What is it that prevents us from understanding true religion? It is our minds, which we have filled with narrow ideas of life, with small ideas of the nature of humanity and of ourselves. It is our beliefs which constrain us. A belief is always a statement of ignorance. If we believe, we do not know; if we know, there is no occasion for belief. Unless beliefs are tested out in the fires of experience and show themselves true, they are absolutely useless and worse than useless, because they tempt us to use the very powers of our spiritual being in wrong directions which bring suffering and disaster upon ourselves. It is our very spiritual nature which makes our present unhappy condition possible, for from it flows the One power, either exercising itself through small ideas—its obstacles—or acting fully and without constraint. Each man is his own creator, and each one has to be his own savior through learning right use of the One Power. Those who have learned can only point out to us the Way they learned it; no one can learn for us. We ourselves have to clear away the obstacles that prevent us from knowing our inner selves. We ourselves have to throw aside the hindrances in thinking, in forms of religion, in mental as well as physical idols.
There is one realization which immediately sets our minds in order: it is of That in us which is unchangeable and unchanging. We are that Spirit in very essence; all that has been in our past lives and in our present life, all that will in future be, proceeds from the power of that Spirit itself, and is sustained by the power of that Spirit itself. There is nothing apart from us. Nature does not exist separate and apart from us. The laws of nature are but the interrelations and interdependence of all the beings concerned in this stream of evolution. The forces of nature do not exist of themselves. There never was a force of any kind that was not the result of intelligent action. We as spiritual beings are eternally creating forces; for every man’s brain and every thought has a dynamic power. Are they lost? No: all the thoughts, all the feelings of all the beings in the universe, provide a store of dynamic energy which constitutes the forces, as we know them, of nature. We draw upon that general reservoir of force in accordance with the ideas held and in accord with our present inward nature. All the time we are adding to the powers of nature for good or for evil. So, too, we are taking from the powers of nature the additions which other beings have put in—the forces which other beings have aroused in nature.
All the powers in the universe are latent in us if we only open the doors to their use. Everyone of us is a little copy of the whole universe. There is not one single element existing any where which each one of us does not contain within his own sphere; there is not a power anywhere that can not be drawn upon. Always the director of that power is the Self within each one. If that Self sees darkly, it is because the mirror into which the Self looks is covered with the dust of false ideas; he sees distorted images. He moves in the directions suggested by the mirror, but it is the Self which supplies the power to move. We would open the door to all powers by a daily and hourly living in accordance with the nature of the Self—seeing that every other being is but an aspect of Self, and acting so that every other being will be helped on its way. For we can not go on our way alone. We have our duty to fulfill by every other being, whether in the kingdoms below us, without which we could not exist, or in the human kingdom. Every other stands as a vicarious atonement for us—an object lesson—and if we have reached a point higher than that which is ordinarily reached by men, then all the more are we constrained to duty by them.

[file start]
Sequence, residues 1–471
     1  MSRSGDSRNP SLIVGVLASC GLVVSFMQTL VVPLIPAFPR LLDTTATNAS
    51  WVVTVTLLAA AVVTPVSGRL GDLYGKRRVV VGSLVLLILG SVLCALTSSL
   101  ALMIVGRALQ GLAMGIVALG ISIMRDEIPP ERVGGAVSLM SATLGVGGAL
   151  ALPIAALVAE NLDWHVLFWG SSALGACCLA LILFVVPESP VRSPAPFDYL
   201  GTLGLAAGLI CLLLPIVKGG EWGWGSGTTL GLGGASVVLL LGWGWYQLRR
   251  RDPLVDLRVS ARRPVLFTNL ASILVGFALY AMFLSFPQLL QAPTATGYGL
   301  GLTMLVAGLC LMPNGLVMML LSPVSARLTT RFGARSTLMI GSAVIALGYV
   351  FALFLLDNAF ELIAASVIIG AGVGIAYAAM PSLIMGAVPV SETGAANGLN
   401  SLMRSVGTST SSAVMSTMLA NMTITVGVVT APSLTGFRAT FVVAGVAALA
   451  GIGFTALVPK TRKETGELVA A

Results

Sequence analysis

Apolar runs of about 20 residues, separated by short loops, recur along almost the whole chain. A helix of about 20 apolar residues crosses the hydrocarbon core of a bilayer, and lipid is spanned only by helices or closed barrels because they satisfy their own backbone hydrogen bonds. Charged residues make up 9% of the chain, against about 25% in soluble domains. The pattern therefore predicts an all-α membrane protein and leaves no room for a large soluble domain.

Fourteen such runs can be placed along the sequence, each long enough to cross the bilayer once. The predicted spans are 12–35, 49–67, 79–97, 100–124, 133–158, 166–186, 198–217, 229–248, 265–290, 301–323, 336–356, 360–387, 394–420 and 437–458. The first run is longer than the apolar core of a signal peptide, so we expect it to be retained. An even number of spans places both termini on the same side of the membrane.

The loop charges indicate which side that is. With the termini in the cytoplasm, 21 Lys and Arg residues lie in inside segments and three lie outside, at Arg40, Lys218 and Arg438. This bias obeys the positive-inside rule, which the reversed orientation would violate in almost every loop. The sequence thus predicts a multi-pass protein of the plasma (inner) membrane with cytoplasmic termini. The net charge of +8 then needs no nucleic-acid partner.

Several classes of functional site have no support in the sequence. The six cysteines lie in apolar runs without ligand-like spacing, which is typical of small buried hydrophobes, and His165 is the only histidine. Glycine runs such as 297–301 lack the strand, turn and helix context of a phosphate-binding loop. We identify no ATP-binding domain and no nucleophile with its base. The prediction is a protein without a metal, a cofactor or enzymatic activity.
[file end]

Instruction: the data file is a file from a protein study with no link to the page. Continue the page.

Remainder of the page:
We come to physical existence incarnation after incarnation under the law inherent in our natures, to work with mortal ideas and passions and thoughts; but we who created them, we who sustain them, are immortal. If we were not immortal in our very natures, never by any chance could we become immortal. If we were less than Divinity, then we never could by any possibility understand divinity. Those beings who have been men and who have gone beyond our degrees of illusion—like Jesus of Nazareth, Buddha, and many others—have attained to Their Divinity. They accept the woes of birth to which Their younger brothers are subject, to remind us of our own natures—the only natures over which we have permanent control—that we may become as One of Them, bound to Them as to all nature. To live for others is the foundation and basis of religion—of true spiritual knowledge.
The Friendly Philosopher,211-215